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Darkly Charged Dark Matter
Prof. Lisa Randall, Frank B. Baird, Jr., Professor of Science, Harvard University
Date : 6 Nov 2018 (Tuesday)
Time : 2:00 - 3:30 pm
Venue : IAS Lecture Theater, Lo Ka Chung Building, Lee Shau Kee Campus, HKUST
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Generally physicists assume that dark matter is a single particle with no interactions in its own sector. The speaker and her team demonstrate that these assumptions are not necessarily true. In particular they show that dark matter can be charged under its own force, even if as light as the weak scale. They furthermore consider the possibility that only a fraction of the dark matter is charged, and can even form a disk inside the Milky Way.


About the speaker

Prof. Lisa Randall received her BA in Physics and PhD in Theoretical Particle Physics from Harvard University in 1983 and 1987 respectively. She held professorships at Massachusetts Institute of Technology and Princeton University before returning to Harvard in 2001. She is now the Frank B. Baird, Jr., Professor of Science at Harvard.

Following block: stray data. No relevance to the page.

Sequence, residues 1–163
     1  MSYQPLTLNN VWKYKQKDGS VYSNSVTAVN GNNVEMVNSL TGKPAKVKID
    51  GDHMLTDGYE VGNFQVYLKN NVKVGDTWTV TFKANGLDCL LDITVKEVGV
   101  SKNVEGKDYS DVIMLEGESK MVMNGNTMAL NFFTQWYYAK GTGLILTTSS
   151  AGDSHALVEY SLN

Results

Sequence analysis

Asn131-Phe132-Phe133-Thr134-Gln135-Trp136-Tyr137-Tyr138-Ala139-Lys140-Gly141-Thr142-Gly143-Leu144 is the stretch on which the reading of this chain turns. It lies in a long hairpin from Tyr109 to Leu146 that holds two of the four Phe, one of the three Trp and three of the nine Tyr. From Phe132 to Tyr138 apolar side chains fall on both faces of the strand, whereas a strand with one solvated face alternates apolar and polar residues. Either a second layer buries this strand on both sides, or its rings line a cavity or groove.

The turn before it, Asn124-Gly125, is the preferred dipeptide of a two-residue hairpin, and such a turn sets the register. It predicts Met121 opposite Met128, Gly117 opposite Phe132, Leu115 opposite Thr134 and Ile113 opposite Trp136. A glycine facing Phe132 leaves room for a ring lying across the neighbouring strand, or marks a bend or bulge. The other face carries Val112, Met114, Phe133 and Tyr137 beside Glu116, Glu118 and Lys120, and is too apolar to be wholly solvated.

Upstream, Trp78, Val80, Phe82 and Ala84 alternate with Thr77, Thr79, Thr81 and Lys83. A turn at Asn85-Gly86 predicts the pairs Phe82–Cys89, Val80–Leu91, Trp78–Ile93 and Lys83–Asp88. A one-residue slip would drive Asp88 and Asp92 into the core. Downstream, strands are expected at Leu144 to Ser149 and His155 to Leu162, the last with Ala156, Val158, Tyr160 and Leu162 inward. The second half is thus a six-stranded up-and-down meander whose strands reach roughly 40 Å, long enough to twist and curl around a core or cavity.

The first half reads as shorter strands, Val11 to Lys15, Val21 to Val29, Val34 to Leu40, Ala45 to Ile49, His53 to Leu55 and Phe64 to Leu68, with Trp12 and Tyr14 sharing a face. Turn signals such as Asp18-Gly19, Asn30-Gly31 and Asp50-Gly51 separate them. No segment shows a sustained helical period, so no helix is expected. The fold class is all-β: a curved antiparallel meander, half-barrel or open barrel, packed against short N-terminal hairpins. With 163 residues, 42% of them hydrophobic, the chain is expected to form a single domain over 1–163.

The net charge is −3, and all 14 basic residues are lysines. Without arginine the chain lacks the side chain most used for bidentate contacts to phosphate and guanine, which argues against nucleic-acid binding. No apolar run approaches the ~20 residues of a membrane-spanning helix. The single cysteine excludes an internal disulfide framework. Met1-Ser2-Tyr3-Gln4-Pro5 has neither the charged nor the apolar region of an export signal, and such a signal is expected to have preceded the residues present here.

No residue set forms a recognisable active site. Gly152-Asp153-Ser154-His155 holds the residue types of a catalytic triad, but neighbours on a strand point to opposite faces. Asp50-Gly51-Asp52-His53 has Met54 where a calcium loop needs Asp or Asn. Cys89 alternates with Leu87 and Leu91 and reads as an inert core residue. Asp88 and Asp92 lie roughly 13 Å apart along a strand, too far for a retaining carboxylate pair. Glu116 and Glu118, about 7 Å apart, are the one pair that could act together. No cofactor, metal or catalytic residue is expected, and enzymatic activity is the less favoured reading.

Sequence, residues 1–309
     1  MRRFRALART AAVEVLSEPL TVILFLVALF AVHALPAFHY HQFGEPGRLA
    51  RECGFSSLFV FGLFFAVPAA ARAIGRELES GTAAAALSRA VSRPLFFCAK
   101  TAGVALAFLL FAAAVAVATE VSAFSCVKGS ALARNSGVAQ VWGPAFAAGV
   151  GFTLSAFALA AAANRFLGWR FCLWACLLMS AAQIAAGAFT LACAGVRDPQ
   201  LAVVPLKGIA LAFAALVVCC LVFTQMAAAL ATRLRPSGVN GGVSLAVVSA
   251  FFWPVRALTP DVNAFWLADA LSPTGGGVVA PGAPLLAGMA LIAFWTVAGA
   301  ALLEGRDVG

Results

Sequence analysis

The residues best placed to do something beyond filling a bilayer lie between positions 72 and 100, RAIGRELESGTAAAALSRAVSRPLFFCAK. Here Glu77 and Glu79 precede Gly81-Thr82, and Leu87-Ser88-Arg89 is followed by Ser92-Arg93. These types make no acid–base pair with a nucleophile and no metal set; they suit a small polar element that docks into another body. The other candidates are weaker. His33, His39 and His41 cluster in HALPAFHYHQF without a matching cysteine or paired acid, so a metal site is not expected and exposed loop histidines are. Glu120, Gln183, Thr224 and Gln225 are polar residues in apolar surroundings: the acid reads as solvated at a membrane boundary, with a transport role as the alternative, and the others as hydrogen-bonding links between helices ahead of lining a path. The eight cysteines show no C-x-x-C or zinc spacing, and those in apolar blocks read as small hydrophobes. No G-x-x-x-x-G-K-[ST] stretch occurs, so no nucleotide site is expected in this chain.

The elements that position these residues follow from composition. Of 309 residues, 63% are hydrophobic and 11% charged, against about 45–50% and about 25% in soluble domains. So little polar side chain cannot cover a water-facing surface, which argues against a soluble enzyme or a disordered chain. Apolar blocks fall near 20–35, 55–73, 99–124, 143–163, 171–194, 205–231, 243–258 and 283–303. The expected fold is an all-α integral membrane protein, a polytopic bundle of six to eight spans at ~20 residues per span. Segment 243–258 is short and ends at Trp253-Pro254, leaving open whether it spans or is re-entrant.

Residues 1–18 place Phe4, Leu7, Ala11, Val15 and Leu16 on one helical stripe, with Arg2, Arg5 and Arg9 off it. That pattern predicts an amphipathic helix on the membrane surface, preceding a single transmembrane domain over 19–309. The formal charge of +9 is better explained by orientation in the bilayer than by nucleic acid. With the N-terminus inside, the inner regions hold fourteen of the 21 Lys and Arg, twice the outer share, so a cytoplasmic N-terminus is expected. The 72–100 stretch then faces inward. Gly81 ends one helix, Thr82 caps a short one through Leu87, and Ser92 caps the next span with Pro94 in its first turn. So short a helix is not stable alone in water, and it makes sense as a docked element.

Prof. Randall’s research focuses on particle physics, supersymmetry, baryogenesis, cosmological inflation, and dark matter. Her work has involved the study of models to address the theoretical insights that puzzle the current understanding of the properties and interactions of matter, and the most prominent one involving extra dimensions of space. Recently, she put her focuses in large part on the Large Hadron Collider and dark matter searches and models.

Prof. Randall is a prolific writer. She is the author of the books “Dark Matter and the Dinosaurs: The Astounding Interconnectedness of the Universe”, “Higgs Discovery: The Power of Empty Space”, “Knocking on Heaven’s Door: How Physics and Scientific Thinking Illuminate the Universe and the Modern World” and “Warped Passages: Unraveling the Mysteries of the Universe’s Hidden Dimensions”.

Prof. Randall has been the recipient of numerous awards, including the Julius Wess Prize by Karlsruhe Institute of Technology (2016), the Walker Prize by Museum of Science, Boston (2015), the Andrew Gemant Award by the American Institute of Physics (2013), the National Award of Nuclear Science and History by the National Museum of Nuclear Science and History (2012), the Erna Hamburger Prize 2010 by the École Polytechnique Fédérale de Lausanne WISH Foundation (2010), and the Julius Edgar Lilienfeld Prize by the American Physical Society (2007). She has received honorary degrees from University of Antwerp, Bard College, Duke University and Brown University. She was also elected a Member of the US National Academy of Sciences (2008), a Fellow of the American Academy of Arts and Sciences (2004) and a Fellow of the American Physical Society (2003).

For attendees’ attention


  The lecture is free and open to all. Seating is on a first come, first served basis.
  Light refreshments will be served from 3:30 to 4:00 pm.



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